Reformation Biographies (01): John Wycliffe

Date: 10/16/2011
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Reformation Biographies (01): John Wycliffe

Proverbs 4:18-19 - But the path of the righteous is like the light of dawn, That shines brighter and brighter until the full day. The way of the wicked is like darkness; They do not know over what they stumble.

In an old hymnal in Prague was found a woodcut. Wycliffe was striking a flint, John Huss was putting the sparks on the kindling and Luther was seen with a great fire. The Reformation fire was begun and kindled by men prior to the Reformation. In this short series I wanted to address biblical principles of God’s providential work through human lives, but illustrate those biblical truths with the biographies of Reformation figures.

The Reformation in England was preceded by the work of the proto-Reformer, John Wycliffe (1320s-1384), as well as the classical school of John Colet (1467-1519), and William Tyndale’s (1494-1546) translation of the NT. It was aided by the leadership of a shady prime minister, Thomas Cromwell (1485-1540) who ordered the “Englishe Byble to be placed in every church in the realm,” and the work of Thomas Cranmer (1489-1556) to edit the Book of Common Worship under King Edward VI, and more. God moves in mysterious ways.

The circumstances of the late medieval Church which involved massive corruption created a hunger for ideas of religious freedom, free grace and a free church and free state. These seeds were planted in John Wycliffe’s day (mid 1300s). The Western (Roman) Church had lost of credibility with the Babylonian Captivity, when Pope Boniface VIII, had a controversy with Philip IV of France (1302). Boniface VIII proclaimed absolute papal authority, saying that it "is absolutely necessary for salvation that every human creature be subject to the Roman pontiff.” Philip hired thugs to have Boniface VIII imprisoned and beaten to death. Then Clement V commanded by Philip to move to France (1309-1377). Gregory XI moved the papacy back to Rome 1377 and died. Urban VI was elected/bad guy, then deposed as an apostate, elected Clement VII, then. Hence, this led to the Great Schism (1378-1417) with three popes all running around at the same time claiming the highest authority. These consequences had the effect of challenging the ideas of the absolute authority of the Church and especially the pope.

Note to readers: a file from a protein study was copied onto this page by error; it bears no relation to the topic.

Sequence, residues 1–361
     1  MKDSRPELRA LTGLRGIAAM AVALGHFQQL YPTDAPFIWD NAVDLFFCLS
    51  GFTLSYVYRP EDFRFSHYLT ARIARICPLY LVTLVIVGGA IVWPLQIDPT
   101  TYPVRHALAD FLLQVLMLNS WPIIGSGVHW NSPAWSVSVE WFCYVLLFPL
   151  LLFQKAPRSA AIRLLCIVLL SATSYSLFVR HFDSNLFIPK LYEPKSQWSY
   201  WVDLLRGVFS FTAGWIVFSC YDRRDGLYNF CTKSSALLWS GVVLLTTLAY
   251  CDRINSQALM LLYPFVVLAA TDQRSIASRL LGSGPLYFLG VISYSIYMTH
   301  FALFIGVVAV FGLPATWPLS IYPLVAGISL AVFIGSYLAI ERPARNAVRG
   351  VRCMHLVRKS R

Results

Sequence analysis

Wycliffe was the first theologian to call the popes, acting against the gospel, Antichrists. Though Wycliffe's doctrines were condemned in 1377 by Pope Gregory XI, his cause ultimately prevailed in England and his followers, called Lollards, emerged as English Protestants in the coming generations. There was thus an underground Reformation before the Reformation. There was a light prior to the Reformation light, a “Morning Star of the Reformation,” in the gospel teachings of Wycliffe. He translated the Bible into Chaucer’s English and taught that the light of the Scriptures should be placed into the common language of the people. Because he studied Scripture he taught salvation by faith and opposed transubstantiation (Roman Catholic view of the Eucharist).

Gregg Strawbridge Gregg Strawbridge, Ph.D., is the pastor of All Saints Church in Lancaster, PA. He became a committed follower of Jesus Christ at age 20, discipled in the context of a University Navigator Ministry. As a result of personal discipleship he went on to study at Columbia Biblical Seminary (M.A., Columbia, SC, 1990), as well as receive a Ph.D. in education and philosophy... read more